Panel A of Figure 2 shows that through 2012, the year Hurricane Sandy hit, the typical post-hurricane landfall volatility risk premium was negative, consistent with investor underreaction. In contrast, panel B shows that, in the years since Hurricane Sandy, the typical post-hurricane landfall volatility risk premium is higher than before and is no longer statistically distinguishable from zero, depicted by the zero line being inside the shaded confidence band. This indicates that investors have underreacted less to hurricanes after Hurricane Sandy.
Changes in volatility risk premium in weeks after hurricane landfall
Source: Calculations in Kruttli, Roth Tran, and Watugala (2023) based on NOAA, OptionMetrics, CRSP, Compustat, and NETS data.
Note: Lines show the volatility risk premium, defined as the difference in the expected volatility implied by options markets after a hurricane landfall and the subsequent realized volatility of the underlying stock returns over the period covered by those options. Shaded blue regions indicate 95% confidence bands.
The analysis in this Economic Letter shows that hurricanes can introduce spikes in uncertainty that can linger in financial markets for affected firms. Such bouts of uncertainty are likely to arise in response to future extreme weather events due to questions about both the likelihood of those events and the wide range of potential impacts. The channels driving this uncertainty are complex and may be difficult to mitigate fully. Fortunately, investors appear to have become more aware after experiencing Hurricane Sandy, a particularly salient event, and have, over time, reduced their underreaction to immediate hurricane risk. However, the historical underreaction to uncertainty arising from hurricanes suggests that market inefficiencies around physical risks could persist.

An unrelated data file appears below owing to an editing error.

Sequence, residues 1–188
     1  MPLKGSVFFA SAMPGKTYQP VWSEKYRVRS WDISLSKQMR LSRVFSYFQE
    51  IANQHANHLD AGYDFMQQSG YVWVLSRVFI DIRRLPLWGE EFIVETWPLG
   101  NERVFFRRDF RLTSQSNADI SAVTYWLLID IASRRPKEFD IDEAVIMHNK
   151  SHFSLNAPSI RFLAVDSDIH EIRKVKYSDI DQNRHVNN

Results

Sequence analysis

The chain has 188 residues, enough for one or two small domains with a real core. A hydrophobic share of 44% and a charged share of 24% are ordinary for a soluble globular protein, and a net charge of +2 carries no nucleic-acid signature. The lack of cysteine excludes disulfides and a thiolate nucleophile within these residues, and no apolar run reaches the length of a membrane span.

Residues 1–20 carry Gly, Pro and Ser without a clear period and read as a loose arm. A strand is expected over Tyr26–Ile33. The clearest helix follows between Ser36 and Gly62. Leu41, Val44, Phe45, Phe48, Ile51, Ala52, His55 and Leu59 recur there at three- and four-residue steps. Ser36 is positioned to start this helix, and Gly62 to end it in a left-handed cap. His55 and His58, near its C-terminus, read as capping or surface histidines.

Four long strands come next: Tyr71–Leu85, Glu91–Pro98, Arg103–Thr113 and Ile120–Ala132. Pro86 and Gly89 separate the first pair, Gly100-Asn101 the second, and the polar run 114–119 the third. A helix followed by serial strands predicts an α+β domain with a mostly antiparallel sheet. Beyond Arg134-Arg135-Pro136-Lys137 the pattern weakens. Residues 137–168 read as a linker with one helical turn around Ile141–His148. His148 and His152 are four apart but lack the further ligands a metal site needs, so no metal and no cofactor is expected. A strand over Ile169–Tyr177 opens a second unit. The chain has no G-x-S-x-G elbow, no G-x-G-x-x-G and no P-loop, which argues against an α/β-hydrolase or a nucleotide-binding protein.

Bloom, Nicholas. 2009. “The Impact of Uncertainty Shocks.” Econometrica 77(3), pp. 623–685.
Jurado, Kyle, Sydney C. Ludvigson, and Serena Ng. 2015. “Measuring Uncertainty.” American Economic Review 105(3), pp. 1,177–1,216.
Kruttli, Mathias S., Brigitte Roth Tran, and Sumudu W. Watugala. 2023. “Pricing Poseidon: Extreme Weather Uncertainty and Firm Return Dynamics.” FRB San Francisco Working Paper 2021-23, forthcoming in Journal of Finance.
Pástor, Luboš, and Pietro Veronesi. 2012. “Uncertainty about Government Policy and Stock Prices.” Journal of Finance 67, pp. 1,219–1,264.
Pástor, Luboš, and Pietro Veronesi. 2013. “Political Uncertainty and Risk Premia.” Journal of Financial Economics 110, pp. 520–545.
Smith, Adam B. 2022. “2021 U.S. Billion-Dollar Weather and Climate Disasters in Historical Context.” Beyond the Data, National Oceanographic and Atmospheric Administration blog, January 24.